The effects of temporary ballast roadways on heathland vegetation.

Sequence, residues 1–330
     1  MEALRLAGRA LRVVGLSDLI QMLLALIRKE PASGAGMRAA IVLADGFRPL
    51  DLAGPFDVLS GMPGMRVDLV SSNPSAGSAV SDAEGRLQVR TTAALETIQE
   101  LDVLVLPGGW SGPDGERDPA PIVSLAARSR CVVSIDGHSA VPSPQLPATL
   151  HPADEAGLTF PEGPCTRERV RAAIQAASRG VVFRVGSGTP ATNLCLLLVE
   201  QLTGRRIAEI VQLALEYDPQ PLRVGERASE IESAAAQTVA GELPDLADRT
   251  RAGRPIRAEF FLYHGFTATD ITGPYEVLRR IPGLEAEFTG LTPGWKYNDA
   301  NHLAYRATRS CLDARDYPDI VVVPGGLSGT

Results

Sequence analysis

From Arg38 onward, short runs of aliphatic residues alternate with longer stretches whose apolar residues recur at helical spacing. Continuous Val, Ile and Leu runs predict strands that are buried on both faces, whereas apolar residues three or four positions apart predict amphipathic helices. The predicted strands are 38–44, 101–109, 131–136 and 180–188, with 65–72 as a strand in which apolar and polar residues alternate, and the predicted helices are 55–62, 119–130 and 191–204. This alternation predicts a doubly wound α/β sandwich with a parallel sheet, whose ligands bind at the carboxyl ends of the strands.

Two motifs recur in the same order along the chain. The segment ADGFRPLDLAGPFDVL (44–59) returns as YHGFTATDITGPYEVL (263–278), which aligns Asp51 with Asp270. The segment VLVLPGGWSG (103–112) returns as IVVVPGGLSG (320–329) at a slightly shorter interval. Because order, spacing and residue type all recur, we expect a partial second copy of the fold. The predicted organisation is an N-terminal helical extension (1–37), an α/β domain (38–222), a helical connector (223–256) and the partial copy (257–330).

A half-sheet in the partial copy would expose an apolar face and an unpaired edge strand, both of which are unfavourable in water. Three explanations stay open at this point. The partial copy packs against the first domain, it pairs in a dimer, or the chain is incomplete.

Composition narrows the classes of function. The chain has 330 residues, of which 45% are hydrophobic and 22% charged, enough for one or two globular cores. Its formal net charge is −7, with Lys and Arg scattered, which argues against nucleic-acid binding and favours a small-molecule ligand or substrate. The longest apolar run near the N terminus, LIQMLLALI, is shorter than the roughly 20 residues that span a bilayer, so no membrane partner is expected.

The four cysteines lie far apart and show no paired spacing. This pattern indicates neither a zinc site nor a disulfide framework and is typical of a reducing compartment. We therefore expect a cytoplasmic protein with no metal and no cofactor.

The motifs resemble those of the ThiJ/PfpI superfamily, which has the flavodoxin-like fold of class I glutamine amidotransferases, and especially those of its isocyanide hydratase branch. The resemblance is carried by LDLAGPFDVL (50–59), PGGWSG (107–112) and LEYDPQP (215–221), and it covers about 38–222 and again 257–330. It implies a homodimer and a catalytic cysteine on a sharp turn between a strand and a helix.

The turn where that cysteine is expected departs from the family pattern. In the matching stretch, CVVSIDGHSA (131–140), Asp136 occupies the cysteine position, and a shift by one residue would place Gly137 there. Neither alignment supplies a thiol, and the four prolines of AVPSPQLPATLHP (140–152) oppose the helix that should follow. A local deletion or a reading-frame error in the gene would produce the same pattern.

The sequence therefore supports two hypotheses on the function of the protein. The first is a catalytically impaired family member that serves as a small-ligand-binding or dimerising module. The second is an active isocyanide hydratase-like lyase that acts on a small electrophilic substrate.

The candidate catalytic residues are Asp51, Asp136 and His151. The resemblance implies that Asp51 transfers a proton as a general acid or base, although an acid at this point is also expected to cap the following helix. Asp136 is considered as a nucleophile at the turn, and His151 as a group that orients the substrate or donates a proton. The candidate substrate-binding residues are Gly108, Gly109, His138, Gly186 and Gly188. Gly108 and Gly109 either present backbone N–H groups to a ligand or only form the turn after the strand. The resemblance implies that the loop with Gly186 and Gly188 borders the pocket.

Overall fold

A series of trials was established to assess the effects of temporary roadways on heathland vegetation. These temporary roadways were set up on both dry (dominated by Calluna vulgaris) and wet (a higher proportion of Erica tetralix and some Molinia caerulea) heath in Dorset, S. England. The roadways were in place for periods of 2, 4 and 12 weeks in the spring, summer and autumn of 1986. The mean height, percentage cover and species composition of the vegetation were recorded before treatment and at the end of each growing season (1986-88). The mortality of rootstocks and the establishment of seedlings were assessed in Oct. 1987. Plots disturbed early in the growing season regenerated more rapidly than those disturbed later in the year, and this trend was continued in subsequent years. No species was lost or severely reduced as a result of the treatments and changes in the abundance of some species were similar to those changes produced by standard heathland vegetation management. Ten invasive species were recorded on the plots following treatment; none established in large enough numbers to change the original vegetation type.